1. des At this time Reichelt had already published his Zur logischen Struktur bei Karl Marx , Frankfurt, 1970. Since then Backhaus has zur Rekonstruktion der Marxschen Werttheorie his "Materialien published Parts 1. 2 and 3 in Gesellschaft Nos. 1, 3 and 11.

Kapitalbegriffs

In his most recent work, Habermas settles the question of value-form 2. analysis with the following brief words: "Marx analyses the double form of the commodity as use-value and exchange-value and the transformation of its

natural form into the value-form with the aid of the Hegelian concept of abstraction, whereby use-value and exchange-value relate to one another as essence and appearance. Today this causes us difficulties because we cannot employ the non-reconstructed fundamental concepts of the Hegelian logic without circumspection: the extended discussion of the relation of Marxs Capital to Hegels Logic has thrown light on these difficulties rather than solved them. I will therefore go no further into the form-analysis." (Habermas Theorie des kommunikativen Handelns Vol. 1 Frankfurt 477f). The postulation of the relation of use-value to exchange-value as one of essence to appearance is already a highly dubious interpretation of the Marxian texts. More generally, it is to be noted that Habermas, who has proposed a reconstruction of historical materialism in which a theory of capitalism would form a sub-theory (cf. Roth With Marx Against Marx in Thesis Eleven No. 3 1982). now also promulgates the necessity of reconstructing Hegelian categories before a reconsideration of the Marxian capital-analysis could be undertaken. The winner of the Hegel prize himself, however, does not venture to reinterpret the Hegelian Logic, nor its relationship to Capital. His own proposed foundation for a social theory is a theory of communicative action constituted from diverse ingredients. 3. Cf. Translators Introduction to Backhaus On the dialectics of the ValueForm in Thesis Eleven No. 1 1980, 94-98. 4. It should be kept in mind that Marxs Capital is only the first systematic part of an attempt to conceptualise the bourgeois social totality.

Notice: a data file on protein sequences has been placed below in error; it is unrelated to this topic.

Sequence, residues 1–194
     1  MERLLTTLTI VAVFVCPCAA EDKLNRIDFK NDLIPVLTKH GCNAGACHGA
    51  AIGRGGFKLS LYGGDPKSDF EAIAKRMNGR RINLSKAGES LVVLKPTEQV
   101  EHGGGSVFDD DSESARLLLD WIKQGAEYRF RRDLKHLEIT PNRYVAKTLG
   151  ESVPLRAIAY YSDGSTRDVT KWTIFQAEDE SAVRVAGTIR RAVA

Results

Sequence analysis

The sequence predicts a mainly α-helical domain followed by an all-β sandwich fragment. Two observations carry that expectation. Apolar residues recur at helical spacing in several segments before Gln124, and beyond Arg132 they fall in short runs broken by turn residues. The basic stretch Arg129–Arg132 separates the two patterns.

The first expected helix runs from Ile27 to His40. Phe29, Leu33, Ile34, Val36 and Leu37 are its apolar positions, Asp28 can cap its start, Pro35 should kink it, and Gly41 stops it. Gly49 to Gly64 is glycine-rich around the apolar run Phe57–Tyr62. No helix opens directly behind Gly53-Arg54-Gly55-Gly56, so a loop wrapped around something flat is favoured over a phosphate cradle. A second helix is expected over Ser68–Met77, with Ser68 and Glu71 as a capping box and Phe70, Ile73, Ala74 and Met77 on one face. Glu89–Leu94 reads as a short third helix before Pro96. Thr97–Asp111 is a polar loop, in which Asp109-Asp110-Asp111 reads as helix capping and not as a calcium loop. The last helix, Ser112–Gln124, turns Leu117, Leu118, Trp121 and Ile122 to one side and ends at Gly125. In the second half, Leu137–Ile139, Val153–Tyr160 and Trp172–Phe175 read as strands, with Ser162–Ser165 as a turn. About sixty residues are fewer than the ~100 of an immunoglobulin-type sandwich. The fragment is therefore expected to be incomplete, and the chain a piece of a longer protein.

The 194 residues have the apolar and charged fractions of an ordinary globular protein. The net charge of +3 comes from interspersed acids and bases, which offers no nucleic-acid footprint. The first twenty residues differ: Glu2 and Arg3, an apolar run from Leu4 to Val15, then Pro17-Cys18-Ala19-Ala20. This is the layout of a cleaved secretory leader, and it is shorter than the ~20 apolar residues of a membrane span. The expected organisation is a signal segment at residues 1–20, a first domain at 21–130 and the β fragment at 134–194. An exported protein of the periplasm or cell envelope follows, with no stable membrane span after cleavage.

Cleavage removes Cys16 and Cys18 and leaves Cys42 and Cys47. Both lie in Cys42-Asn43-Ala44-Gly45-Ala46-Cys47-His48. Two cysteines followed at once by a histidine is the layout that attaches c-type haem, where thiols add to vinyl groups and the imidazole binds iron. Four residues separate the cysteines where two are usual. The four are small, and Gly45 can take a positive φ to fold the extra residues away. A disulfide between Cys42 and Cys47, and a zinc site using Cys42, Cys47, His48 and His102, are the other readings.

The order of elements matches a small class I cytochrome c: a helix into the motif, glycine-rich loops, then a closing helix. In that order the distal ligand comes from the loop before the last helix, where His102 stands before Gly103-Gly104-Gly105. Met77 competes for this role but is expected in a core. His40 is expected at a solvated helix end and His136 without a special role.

5. In my view, it is not a matter of a simultaneous systematic presentation, but rather of a presentation which, on the basis of a "positive science" of the

value-forms,

comes

systematically later

to a

conceptualisation

of

subjectivity and ideological forms of knowledge.

bourgeois

6. It is correct to cling theoretically to the fact that in the capital-analysis humans are theorised as character-masks without individuality. But the phrase "they anticipate something which still has to be constructed" can be interpreted to
mean

that any expression of

individuality

is

already

an

anticipation of

socialism, which I would regard as false. Interpreted, however, as a "construction" which still has to be performed in theory, the statement seems to me correct. There is namely a certain room for the play of subjectivity in bourgeois society, even in the realm of the economy. It is the task of the competition-

analysis

to

conceptualise

the economic

subjectivity of the subjects of competi-

tion in its systematic relation to the value-form categories. With this, however, the thematisation of subjectivity is not complete, since the separated "realm of freedom", the private sphere, in which the individuality of subjects comes to expression, still has to be theorised, Cf. the forthcoming paper in Thesis Eleven. The Egos Irresolvable Dilemma by Marnie Hanlon.
169